Abstract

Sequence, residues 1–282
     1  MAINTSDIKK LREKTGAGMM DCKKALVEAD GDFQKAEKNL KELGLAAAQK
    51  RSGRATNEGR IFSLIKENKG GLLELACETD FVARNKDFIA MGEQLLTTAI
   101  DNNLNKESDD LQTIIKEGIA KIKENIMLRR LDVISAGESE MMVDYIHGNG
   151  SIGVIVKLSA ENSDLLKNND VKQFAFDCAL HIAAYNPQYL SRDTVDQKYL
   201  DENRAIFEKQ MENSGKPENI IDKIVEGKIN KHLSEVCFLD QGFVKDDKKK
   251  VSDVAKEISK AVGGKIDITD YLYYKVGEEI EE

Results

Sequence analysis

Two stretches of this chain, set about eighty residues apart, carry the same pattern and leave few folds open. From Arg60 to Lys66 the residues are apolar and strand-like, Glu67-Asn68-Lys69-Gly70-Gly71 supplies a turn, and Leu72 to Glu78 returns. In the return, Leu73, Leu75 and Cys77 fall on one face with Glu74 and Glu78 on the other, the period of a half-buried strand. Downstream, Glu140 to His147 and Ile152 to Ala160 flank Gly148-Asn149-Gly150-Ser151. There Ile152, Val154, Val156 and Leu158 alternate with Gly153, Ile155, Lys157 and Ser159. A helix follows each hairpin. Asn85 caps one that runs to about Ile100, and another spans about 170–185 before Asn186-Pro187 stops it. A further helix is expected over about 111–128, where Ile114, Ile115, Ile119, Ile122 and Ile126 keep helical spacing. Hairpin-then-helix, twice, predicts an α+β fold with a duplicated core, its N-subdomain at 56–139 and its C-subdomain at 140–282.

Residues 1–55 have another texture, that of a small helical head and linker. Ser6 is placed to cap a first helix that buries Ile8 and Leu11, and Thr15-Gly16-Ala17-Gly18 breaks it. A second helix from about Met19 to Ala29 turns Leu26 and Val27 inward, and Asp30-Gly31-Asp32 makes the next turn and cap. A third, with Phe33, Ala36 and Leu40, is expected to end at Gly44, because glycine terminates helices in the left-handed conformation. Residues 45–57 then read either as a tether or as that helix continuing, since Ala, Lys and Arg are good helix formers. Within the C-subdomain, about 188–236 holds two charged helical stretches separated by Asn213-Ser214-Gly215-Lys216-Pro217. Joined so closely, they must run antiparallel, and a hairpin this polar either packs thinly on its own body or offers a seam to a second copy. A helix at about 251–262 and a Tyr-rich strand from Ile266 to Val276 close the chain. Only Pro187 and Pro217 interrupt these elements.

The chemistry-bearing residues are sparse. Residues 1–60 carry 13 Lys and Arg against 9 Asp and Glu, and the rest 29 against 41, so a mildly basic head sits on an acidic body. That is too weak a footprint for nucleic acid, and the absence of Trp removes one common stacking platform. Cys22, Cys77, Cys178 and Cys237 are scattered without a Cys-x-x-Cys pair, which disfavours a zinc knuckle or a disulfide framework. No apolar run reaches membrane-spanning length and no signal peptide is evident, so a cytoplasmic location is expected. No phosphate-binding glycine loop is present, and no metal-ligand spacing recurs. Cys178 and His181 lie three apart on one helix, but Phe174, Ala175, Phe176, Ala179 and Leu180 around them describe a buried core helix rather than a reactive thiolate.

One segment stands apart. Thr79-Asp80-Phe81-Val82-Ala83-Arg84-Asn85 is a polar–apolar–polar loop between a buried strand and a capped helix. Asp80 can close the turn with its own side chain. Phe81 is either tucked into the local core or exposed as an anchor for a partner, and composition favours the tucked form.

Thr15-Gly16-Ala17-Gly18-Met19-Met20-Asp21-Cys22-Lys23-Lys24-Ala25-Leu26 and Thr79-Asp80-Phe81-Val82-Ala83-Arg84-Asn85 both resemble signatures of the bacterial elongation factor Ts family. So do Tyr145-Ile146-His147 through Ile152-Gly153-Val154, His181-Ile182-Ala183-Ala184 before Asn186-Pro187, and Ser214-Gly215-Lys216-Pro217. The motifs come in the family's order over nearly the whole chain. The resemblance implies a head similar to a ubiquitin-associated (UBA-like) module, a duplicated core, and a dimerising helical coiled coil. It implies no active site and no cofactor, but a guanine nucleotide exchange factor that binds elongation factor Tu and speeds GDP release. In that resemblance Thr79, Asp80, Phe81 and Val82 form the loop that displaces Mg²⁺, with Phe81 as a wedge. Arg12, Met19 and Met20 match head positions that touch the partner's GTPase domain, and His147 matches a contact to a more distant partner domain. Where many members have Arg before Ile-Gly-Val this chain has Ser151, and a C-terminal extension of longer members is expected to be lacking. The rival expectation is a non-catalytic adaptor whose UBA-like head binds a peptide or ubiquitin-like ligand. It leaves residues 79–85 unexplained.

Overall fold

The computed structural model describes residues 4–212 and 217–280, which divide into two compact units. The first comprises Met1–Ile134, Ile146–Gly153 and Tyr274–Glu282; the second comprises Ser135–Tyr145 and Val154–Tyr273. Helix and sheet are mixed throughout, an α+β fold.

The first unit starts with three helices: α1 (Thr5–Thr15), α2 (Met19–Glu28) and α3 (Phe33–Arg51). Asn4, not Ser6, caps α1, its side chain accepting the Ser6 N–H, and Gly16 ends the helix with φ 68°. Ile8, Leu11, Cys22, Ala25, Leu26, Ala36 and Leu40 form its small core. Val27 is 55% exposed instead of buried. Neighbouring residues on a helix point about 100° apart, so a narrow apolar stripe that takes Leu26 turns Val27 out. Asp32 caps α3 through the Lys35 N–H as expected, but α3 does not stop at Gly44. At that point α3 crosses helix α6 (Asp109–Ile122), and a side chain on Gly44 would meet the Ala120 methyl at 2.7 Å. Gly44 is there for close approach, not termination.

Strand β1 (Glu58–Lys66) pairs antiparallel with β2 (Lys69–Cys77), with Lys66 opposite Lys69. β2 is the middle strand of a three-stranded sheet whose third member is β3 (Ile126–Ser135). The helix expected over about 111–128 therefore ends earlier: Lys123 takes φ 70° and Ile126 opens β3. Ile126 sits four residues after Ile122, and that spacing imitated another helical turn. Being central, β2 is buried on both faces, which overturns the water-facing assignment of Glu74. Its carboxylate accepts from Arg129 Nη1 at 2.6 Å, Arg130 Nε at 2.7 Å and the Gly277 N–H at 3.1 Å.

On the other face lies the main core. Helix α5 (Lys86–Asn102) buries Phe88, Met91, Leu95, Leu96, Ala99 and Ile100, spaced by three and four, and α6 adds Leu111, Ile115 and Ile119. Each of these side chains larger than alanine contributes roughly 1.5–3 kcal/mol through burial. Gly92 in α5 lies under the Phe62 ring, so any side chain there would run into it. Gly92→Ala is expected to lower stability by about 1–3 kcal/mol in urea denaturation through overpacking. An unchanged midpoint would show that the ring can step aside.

We have used positron emission tomography (PET) to identify the neural substrate of two major cognitive components of working memory (WM), maintenance and manipulation of a single elementary visual attribute, i.e., the orientation of a grating presented in central vision. This approach allowed us to equate difficulty across tasks and prevented subjects from using verbal strategies or vestibular cues. Maintenance of orientations involved a distributed fronto-parietal network, that is, left and right lateral superior frontal sulcus (SFSl), bilateral ventrolateral prefrontal cortex (VLPFC), bilateral precuneus, and right superior parietal lobe (SPL). A more medial superior frontal sulcus region (SFSm) was identified as being instrumental in the manipulative operation of updating orientations retained in the WM. Functional connectivity analysis revealed that orientation WM relies on a coordinated interaction between frontal and parietal regions. In general, the current findings confirm the distinction between maintenance and manipulative processes, highlight the functional heterogeneity in the prefrontal cortex (PFC), and suggest a more dynamic view of WM as a process requiring the coordinated interaction of anatomically distinct brain areas.

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